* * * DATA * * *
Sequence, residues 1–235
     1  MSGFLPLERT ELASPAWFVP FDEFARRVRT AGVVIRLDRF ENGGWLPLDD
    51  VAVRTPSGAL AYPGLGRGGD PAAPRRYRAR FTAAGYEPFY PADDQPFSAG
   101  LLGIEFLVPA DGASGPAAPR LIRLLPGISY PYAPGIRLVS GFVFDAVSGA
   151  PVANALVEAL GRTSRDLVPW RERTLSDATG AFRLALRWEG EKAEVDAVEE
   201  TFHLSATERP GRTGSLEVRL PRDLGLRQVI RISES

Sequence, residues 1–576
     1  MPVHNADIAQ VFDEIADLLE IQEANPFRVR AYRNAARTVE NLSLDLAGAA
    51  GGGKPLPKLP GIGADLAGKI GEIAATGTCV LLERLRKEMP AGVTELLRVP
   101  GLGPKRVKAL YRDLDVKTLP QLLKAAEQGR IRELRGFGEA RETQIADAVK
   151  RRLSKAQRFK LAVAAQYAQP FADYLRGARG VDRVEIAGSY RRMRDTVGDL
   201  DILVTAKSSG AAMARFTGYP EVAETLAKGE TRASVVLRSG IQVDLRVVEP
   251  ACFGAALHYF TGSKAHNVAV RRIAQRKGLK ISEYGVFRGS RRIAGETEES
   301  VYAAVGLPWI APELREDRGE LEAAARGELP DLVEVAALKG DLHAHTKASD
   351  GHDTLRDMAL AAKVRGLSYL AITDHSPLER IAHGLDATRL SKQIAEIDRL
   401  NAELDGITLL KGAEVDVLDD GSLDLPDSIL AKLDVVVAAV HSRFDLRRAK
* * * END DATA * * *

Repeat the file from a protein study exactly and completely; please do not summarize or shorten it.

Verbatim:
Sequence, residues 1–235
     1  MSGFLPLERT ELASPAWFVP FDEFARRVRT AGVVIRLDRF ENGGWLPLDD
    51  VAVRTPSGAL AYPGLGRGGD PAAPRRYRAR FTAAGYEPFY PADDQPFSAG
   101  LLGIEFLVPA DGASGPAAPR LIRLLPGISY PYAPGIRLVS GFVFDAVSGA
   151  PVANALVEAL GRTSRDLVPW RERTLSDATG AFRLALRWEG EKAEVDAVEE
   201  TFHLSATERP GRTGSLEVRL PRDLGLRQVI RISES

Sequence, residues 1–576
     1  MPVHNADIAQ VFDEIADLLE IQEANPFRVR AYRNAARTVE NLSLDLAGAA
    51  GGGKPLPKLP GIGADLAGKI GEIAATGTCV LLERLRKEMP AGVTELLRVP
   101  GLGPKRVKAL YRDLDVKTLP QLLKAAEQGR IRELRGFGEA RETQIADAVK
   151  RRLSKAQRFK LAVAAQYAQP FADYLRGARG VDRVEIAGSY RRMRDTVGDL
   201  DILVTAKSSG AAMARFTGYP EVAETLAKGE TRASVVLRSG IQVDLRVVEP
   251  ACFGAALHYF TGSKAHNVAV RRIAQRKGLK ISEYGVFRGS RRIAGETEES
   301  VYAAVGLPWI APELREDRGE LEAAARGELP DLVEVAALKG DLHAHTKASD
   351  GHDTLRDMAL AAKVRGLSYL AITDHSPLER IAHGLDATRL SKQIAEIDRL
   401  NAELDGITLL KGAEVDVLDD GSLDLPDSIL AKLDVVVAAV HSRFDLRRAK